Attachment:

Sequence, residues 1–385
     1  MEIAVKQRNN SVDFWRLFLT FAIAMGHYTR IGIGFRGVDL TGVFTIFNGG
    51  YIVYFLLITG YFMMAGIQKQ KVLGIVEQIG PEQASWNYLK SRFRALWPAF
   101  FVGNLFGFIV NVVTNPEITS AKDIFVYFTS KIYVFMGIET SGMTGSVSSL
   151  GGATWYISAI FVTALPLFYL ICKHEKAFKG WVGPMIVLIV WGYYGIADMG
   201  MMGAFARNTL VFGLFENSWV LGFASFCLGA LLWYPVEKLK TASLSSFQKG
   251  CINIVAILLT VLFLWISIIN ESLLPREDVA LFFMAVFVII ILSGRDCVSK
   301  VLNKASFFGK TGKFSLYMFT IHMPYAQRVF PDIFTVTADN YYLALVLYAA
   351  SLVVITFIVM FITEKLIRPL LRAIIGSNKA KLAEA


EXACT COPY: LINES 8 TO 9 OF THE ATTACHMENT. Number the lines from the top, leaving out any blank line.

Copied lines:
   301  VLNKASFFGK TGKFSLYMFT IHMPYAQRVF PDIFTVTADN YYLALVLYAA
   351  SLVVITFIVM FITEKLIRPL LRAIIGSNKA KLAEA